With that being said, Claire Barron’s Dance Nation has its share of powerful and sound moments that resonate on a child’s tumultuous journey into adulthood with humor, sweetness, and poignancy…but beware the cringe.

Apollinaire Theatre Company presents Clare Barron’s Dance Nation live and in person at Apollinaire Theatre Company in Chelsea, Massachusetts through May 14.  Dance Nation has mature themes.  Click here for more information and for tickets.

REVIEW:  Rejoice in Lyric Stage Company’s ‘Sister Act’

Let the choirs sing!  This Sister Act is one heavenly show stopper.

A lot of films have been cut, shaped and squeezed into the genre of musical, but Sister Act, based on the hit 1992 comedy film starring Whoopi Goldberg, has always been a natural fit.  Featuring a variety of songs re-imagined by a group of amateur nuns, Sister Act is a thriller, musical, and comedy rolled up into one exciting and uproarious package.  

Directed warmly by Leigh Barrett and judiciously choreographed by Dan Sullivan, Lyric Stage Company presents Sister Act live and in person at Lyric Stage Company in Boston, Massachusetts through May 14.  This show is two and a half hours with one 15 minute intermission.  Click here for more information and for tickets.

The Cast of ‘Sister Act’ Photo by Mark S. Howard

What makes Sister Act an ideal fit for a musical is not only does the musical deliver all the hijinks, danger, and the inherent message of the film, but it also expands on its characters through some welcome additional songs.  The music, by Alan Menken, is well suited with the terrain of this already entertaining tale and numbers like It’s Good to Be a Nun, Lady in the Long Black Dress, and I Could Be that Guy particularly enhance the hilarity of each of its extraordinary characters.  The original film inspired Sister Act 2:  Back in the Habit before becoming a musical and there is even talk of a possible Sister Act 3 coming soon to Disney Plus.

Set in 1978 Philadelphia, Deloris Van Cartier, a sparkling depiction by Yewande Odetoyinbo, thinks it is only a matter of time until she is a star.  However, after she witnesses a murder, the police decide the convent is the only place she will be safe.  With blunt and practical Mother Superior at the helm, Deloris has a long road ahead of her.

Cast of Sister Act Photo by Mark S. Howard

Sister Act does a wonderful job rewinding the clock to that era with choreographer Dan Sullivan and Music Director David F. Coleman’s seamless infusion of classic 60s and 70s inspired dance moves to funky, smooth, and uplifting rhythms.   Sparkling body suits, tiger prints, velvet pants, and knee high purple boots are just some of the era trends captured by Kelly BakerJenna McFarland Lord creatively handled Sister Act’s somewhat tricky staging making the most of the space with a versatile two floor set including glimmering disco ball and stained glass columns, though at times the blocking seemed a bit tight.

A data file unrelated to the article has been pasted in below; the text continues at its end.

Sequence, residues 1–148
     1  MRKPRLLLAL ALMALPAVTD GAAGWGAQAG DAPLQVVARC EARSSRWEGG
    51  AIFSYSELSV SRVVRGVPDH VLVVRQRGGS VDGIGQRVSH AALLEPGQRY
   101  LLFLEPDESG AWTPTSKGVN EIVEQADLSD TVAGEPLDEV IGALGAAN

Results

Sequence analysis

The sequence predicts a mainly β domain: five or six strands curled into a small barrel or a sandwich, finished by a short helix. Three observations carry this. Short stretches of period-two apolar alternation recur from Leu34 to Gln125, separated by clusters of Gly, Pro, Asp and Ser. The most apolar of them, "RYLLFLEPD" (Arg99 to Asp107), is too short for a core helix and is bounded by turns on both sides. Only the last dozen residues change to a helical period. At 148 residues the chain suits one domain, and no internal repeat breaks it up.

This dynamite cast matches and even excels over the original cast.  It is difficult not to compare if one has seen the original film, but not only does Yewande Odetoyimbo’s bright smile resemble Goldberg’s, but the fun-loving and vibrant Fabulous Baby, Raise Your Voice, and Take Me to Heaven depict Deloris’s surefire attitude and superior vocals in this fish out of water story.  The stunning surprise and angst Deloris endures over the course of the musical is a highlight of the show as Cheryl McMahon as Mother Superior looks on.

Cheryl McMahon and Yewande Odetoyinbo in ‘Sister Act.’ Photo by Mark S. Howard

Stepping into actress Maggie Smith’s role as Mother Superior is Cheryl McMahon.  Smith portrayed Mrs. McGonagall in the Harry Potter film series which is one character among many of her stern and practical roles.  Filling Smith’s shoes is no small feat, but McMahon’s comic wit has been proven in various past roles such as in Admissions, Miss Holmes Returns, Steel Magnolias and Grease, and is fabulous herself as wise and unyielding Mother Superior.

McMahon’s Here Within These Walls is a solemn call for tradition, discipline and sensibility which proves Mother Superior will not be easily swayed, but her stellar comic timing is best in I Haven’t Got a Prayer.  Her dour expressions to Yewande’s carefree and aberrant nature are some of the show’s funniest moments.

Kathy St. George and the cast of ‘Sister Act’ Photo by Mark S. Howard